Set up a series of 5 hurdles about hip height. The goal is to jump over them consecutively and fluently, with one contact between each hurdle. To begin with you might need to pause between each jump, or add in an extra contact jump between. Watch what your feet and knees are doing in this exercise as technique is really important. Good alignment should be maintained where the feet stay central and over the knees, and the knees don’t collapse in.
4. Sled push
Similar to the banded resistance sprints, but now working against a weighted sled. This will really train the power you can generate off the mark, improving your overall speed and agility.
AGILITY ON THE FIELD
Agility can be improved by increasing your power and ability to explode off into a new direction. So the good news is, we’ve inadvertently worked on this area through building your speed. To work more specifically on it, I like these exercises;
1. Reaction Box
Set up two squares (5mx5m) using four distinct coloured cones at each corner. Stand in the centre of the square and have your partner stand in the opposing square (you can also do this alone, but racing is more fun). Mark the middle of the square with a cone and use it as a reference point. When a colour is called, sprint to the appropriate coloured cone, touch it and return to the centre. Repeat this for 1 minute. Multiple colours can be called consecutively to test yourselves. You can adjust the rest time between calling colours so it’s appropriate to your fitness level. This can also be adapted and performed with the ball to test your agility in dribbling.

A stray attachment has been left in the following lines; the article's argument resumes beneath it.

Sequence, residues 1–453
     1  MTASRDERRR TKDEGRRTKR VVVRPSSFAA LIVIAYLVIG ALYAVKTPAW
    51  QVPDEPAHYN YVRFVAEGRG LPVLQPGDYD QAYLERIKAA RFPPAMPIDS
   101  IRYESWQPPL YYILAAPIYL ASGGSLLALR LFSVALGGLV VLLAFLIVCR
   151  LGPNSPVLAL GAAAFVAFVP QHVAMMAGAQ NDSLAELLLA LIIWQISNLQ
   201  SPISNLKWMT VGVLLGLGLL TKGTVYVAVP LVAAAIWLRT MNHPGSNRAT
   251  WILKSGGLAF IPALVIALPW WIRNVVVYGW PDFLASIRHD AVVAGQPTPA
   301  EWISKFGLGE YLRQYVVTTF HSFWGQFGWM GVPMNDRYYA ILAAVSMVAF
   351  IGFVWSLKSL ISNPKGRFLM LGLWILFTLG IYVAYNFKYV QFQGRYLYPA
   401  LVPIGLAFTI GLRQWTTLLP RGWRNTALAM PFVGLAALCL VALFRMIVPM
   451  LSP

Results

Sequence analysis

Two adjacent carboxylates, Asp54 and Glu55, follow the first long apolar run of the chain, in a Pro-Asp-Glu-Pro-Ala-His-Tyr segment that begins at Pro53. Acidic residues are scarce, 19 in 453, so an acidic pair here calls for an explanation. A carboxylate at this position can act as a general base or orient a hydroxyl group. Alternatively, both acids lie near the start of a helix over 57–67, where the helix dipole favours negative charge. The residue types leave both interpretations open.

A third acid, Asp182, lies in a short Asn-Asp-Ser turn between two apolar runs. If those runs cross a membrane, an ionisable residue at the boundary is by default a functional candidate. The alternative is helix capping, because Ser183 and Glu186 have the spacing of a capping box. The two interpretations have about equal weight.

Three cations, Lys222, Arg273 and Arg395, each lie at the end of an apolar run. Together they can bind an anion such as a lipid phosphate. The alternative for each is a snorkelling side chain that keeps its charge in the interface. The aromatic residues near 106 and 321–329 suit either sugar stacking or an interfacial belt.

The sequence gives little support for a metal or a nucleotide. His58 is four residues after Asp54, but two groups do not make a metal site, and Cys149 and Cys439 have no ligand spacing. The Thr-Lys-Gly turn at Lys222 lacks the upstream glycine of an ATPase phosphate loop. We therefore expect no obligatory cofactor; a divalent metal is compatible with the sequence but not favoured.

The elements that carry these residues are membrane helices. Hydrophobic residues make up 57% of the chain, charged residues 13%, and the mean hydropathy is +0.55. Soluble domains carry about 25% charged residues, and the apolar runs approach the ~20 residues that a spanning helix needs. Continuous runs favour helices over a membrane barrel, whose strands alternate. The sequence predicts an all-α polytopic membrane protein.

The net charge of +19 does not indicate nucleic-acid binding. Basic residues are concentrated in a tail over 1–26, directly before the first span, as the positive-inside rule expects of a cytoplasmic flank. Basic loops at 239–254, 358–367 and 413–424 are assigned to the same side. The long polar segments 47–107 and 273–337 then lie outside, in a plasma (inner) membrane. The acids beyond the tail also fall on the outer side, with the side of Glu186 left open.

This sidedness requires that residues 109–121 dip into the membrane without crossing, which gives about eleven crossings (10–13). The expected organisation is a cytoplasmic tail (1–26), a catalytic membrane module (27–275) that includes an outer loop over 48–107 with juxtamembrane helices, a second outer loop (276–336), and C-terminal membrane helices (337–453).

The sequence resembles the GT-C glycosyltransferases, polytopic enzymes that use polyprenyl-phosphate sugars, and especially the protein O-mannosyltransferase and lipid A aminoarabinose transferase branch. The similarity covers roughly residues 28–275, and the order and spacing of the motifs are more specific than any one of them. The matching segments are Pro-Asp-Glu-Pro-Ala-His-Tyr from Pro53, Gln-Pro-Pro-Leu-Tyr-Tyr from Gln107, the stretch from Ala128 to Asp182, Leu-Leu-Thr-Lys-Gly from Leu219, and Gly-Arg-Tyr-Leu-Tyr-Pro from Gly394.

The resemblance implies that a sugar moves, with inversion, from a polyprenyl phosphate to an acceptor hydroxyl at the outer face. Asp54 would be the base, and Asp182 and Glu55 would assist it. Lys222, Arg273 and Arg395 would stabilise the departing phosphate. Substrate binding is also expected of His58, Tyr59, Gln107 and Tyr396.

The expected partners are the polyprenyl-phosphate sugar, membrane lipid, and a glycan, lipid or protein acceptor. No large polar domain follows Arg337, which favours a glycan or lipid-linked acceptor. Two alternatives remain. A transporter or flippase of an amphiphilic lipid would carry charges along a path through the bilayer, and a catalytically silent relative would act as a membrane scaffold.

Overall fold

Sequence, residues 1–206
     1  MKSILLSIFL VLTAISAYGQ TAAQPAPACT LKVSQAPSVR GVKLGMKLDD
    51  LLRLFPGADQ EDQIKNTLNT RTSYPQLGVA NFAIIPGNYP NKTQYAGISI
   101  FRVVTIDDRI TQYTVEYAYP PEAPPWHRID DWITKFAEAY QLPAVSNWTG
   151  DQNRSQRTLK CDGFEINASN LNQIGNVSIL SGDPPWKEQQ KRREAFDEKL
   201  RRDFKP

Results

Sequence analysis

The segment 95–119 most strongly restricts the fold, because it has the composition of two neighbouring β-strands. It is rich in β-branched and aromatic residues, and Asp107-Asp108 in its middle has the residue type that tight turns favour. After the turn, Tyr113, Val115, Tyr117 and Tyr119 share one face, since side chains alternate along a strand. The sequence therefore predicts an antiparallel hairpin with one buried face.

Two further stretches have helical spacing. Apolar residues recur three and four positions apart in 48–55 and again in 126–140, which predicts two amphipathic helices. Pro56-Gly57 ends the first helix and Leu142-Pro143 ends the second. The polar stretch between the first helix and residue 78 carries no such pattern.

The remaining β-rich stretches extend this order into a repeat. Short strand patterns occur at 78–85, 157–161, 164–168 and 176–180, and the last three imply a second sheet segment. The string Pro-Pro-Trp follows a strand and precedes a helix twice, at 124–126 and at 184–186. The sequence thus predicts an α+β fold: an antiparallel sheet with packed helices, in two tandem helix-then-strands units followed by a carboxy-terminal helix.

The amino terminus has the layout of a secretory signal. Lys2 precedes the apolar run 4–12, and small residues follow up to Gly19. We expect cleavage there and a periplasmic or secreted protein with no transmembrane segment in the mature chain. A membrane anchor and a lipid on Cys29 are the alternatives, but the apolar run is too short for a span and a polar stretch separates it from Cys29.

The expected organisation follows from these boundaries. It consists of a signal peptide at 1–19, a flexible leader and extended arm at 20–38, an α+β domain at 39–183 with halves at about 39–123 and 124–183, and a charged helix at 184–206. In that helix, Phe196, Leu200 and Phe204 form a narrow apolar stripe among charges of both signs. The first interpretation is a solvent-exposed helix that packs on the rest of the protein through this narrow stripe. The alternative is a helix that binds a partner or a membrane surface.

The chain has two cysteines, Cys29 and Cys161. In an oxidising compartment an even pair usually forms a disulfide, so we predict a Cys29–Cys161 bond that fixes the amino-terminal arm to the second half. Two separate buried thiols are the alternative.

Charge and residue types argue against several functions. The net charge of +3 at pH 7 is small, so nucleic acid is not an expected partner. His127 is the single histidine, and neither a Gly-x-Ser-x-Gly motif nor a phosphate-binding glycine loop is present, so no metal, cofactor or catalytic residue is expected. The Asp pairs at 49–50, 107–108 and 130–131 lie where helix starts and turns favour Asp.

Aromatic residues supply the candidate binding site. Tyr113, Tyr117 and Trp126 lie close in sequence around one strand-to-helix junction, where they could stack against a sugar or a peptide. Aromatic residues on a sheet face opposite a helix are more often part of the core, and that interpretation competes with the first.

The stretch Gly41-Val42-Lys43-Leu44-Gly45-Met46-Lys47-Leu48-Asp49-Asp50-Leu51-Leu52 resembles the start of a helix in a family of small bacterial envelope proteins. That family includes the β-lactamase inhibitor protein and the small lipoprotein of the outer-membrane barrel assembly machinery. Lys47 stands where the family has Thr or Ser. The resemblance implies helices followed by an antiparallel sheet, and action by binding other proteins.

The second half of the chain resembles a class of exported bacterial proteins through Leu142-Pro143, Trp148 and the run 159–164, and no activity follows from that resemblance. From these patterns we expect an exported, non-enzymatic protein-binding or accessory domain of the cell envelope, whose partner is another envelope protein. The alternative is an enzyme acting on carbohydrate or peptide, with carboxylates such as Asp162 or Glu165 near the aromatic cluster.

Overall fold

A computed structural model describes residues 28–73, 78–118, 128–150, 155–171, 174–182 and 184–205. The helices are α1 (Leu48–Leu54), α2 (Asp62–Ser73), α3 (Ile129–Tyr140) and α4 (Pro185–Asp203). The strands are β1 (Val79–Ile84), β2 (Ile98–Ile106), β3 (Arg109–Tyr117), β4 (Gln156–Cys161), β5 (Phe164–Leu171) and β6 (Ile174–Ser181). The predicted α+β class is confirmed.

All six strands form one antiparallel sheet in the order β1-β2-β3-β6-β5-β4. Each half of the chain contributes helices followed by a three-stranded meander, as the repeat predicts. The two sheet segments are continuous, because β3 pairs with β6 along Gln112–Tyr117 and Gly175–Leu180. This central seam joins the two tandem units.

2. Agility course
Set up an agility course using poles and cones and time how long it takes you to complete. Make it competitive with your teammates or just compete against yourself to have the best time. You can be creative here. Poles are a great tool as they force you to get low and adopt a strong change of direction position to move around them. I typically set up 10 poles quite close together which requires tidy footwork to weave in and out of them. This would be followed by a short 10m sprint, a sharp cut, 10m of sidestepping, a sharp cut again, backpedalling, a zig-zag run around cones with sharp cuts, ending with another short 10m sprint. All these movements replicate what you would be expected to do in a game, so it’s a great way to train your agility. Again, this can be adapted and a ball included with every second repetition so you’re working with and without the ball.
Training speed and agility is very demanding on the body as they are powerful and explosive movements. It’s important that the training week is set up to maximise the benefits from this type of training. Some key ideas to consider are; not making this session the first training of the week as it requires a primer session to prepare the body, ensure these exercises are performed at maximal effort and allow adequate rest between, refuel the body afterwards with the appropriate protein to get the most out of the hard work you put in at training.
The modern-day footballer needs to be powerful and dynamic, and so it’s clear that a specific part of training must develop this. My natural position is in the midfield, and I always play my best when I’m feeling sharp and powerful. When I know I can explode and push off in various directions with speed; I have confidence in my game. Through training your overall strength and then power, I hope you will start to see changes and improvements in your body and game too. I’m currently living in Europe and it’s fantastic to see the majority of female’s adopting the ‘strong is beautiful’ mentality in the gym. Gyms are not solely used to help women with superficial pursuits, rather they are a tool to assist in getting stronger and functionally improving your body for heightened performance. Good luck with your training, I hope to see you out there!